Ground-Breaking Matter Accolade 
Lynette J. Chua, Mobilizing Gay Singapore. Rights and Resistance in an Authoritarian State
"In a political climate known for paternalism and civic restrictions, Singapore’s gay activists pursue a pragmatic form of activism, often at significant personal cost. Pragmatism embeds activism in a cultural and legal context that requires challenge from within; a much less spectacular case to analyze but one that resonates deeply with social movements across Asia."

 


Two NUS Press titles make the shortlist for ICAS Book Prize 2015 May 29, 2015 12:00

We are pleased to announce that two of our books – The Khmer Lands of Vietnam and Singapore and the Silk Road of the Sea – have been shortlisted for the International Convention of Asia Scholars (ICAS) Book Prize 2015. The ICAS Book Prize is awarded biennially to outstanding English-language works in the field of Asian Studies. NUS Press will also be attending the convention held in Adelaide, Australia from 5 to 9 July 2015. Details of our booth will be announced closer to the date.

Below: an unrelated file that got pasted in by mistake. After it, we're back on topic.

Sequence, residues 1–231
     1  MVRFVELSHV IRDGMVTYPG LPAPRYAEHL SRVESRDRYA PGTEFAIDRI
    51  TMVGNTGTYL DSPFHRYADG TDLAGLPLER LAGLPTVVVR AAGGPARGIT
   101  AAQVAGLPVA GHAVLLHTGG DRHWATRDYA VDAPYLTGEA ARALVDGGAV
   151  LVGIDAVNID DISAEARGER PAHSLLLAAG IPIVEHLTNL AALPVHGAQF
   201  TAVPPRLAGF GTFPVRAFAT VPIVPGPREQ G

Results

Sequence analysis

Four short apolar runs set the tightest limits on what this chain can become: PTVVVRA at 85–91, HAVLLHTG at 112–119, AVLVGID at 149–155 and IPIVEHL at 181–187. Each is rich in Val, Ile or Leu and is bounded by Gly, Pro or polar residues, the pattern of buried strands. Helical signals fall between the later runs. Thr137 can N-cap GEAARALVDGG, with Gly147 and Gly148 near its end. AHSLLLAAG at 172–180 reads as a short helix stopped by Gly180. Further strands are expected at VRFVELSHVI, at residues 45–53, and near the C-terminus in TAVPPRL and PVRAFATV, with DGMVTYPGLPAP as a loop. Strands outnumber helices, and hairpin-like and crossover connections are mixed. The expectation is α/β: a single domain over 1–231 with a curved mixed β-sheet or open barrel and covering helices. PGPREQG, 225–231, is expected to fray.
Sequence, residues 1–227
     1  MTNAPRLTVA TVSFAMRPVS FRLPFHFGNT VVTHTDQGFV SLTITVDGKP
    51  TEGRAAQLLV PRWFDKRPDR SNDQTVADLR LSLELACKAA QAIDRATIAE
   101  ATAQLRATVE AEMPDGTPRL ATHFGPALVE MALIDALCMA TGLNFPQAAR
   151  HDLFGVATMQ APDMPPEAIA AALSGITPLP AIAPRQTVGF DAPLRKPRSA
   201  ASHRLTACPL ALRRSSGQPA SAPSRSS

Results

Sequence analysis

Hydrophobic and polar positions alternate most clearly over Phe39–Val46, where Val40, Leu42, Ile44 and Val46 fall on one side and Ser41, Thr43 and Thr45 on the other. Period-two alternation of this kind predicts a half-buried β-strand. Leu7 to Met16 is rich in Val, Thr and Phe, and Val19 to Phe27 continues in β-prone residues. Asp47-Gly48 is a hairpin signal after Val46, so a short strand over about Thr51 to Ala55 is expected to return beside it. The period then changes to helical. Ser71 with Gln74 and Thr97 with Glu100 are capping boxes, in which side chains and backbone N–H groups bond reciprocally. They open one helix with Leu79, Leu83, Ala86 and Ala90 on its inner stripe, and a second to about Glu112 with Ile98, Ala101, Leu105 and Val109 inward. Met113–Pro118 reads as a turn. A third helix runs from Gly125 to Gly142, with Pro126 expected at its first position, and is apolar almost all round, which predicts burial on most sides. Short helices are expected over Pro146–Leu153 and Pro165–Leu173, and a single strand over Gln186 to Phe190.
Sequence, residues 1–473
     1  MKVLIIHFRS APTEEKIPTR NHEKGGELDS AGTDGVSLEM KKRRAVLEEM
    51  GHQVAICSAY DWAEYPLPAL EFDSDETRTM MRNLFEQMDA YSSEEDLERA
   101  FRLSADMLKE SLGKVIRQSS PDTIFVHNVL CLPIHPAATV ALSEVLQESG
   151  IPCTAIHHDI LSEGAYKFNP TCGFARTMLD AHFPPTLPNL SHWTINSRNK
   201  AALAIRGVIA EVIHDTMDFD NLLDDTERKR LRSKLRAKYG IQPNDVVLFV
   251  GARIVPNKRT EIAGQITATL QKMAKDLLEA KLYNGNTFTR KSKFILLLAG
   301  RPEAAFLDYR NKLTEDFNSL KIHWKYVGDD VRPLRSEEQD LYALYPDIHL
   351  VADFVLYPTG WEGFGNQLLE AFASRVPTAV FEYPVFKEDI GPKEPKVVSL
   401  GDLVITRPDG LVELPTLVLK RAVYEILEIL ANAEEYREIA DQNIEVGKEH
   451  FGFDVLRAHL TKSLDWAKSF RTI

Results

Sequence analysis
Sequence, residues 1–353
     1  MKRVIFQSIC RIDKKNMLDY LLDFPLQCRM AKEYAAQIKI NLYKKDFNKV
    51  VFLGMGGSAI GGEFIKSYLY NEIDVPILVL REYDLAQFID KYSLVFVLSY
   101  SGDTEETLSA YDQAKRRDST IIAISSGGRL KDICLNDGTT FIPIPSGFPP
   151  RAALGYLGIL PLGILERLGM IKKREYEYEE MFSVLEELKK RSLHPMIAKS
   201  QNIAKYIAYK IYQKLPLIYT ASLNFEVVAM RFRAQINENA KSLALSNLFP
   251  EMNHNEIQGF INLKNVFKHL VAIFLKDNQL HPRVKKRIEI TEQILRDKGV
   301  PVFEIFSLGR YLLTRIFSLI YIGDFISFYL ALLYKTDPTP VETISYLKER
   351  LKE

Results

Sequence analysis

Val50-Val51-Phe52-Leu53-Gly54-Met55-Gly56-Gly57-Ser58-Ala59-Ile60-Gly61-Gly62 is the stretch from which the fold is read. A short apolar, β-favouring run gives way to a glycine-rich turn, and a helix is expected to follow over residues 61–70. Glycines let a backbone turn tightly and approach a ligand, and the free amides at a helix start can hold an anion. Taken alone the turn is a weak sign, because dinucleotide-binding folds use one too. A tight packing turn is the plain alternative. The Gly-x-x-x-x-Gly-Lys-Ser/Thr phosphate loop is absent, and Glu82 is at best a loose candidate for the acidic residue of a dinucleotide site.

The Khmer Lands of Vietnam is shortlisted for the Best Study in the Social Sciences. This groundbreaking work by Philip Taylor uncovers the intricate lifestyle of the Khmer Krom who have to deal with their ambiguous political identities and adapt to living at the Mekong river delta. 

Singapore and the Silk Road of the Sea has made the shortlist for the Best Study in the Humanities. In this book John N. Miksic synthesises 25 years of archaeological research to reconstruct the 14th-century port of Singapore in greater detail than is possible for any other early Southeast Asian city.

And please show your support by voting for your favourite title in the ICAS Colleagues' Choice Award. The poll will be open until 16 June 2015. We thank you for your enthusiasm and support for our books.


Prof. M.C. Ricklefs wins the George Kahin Prize March 18, 2015 13:50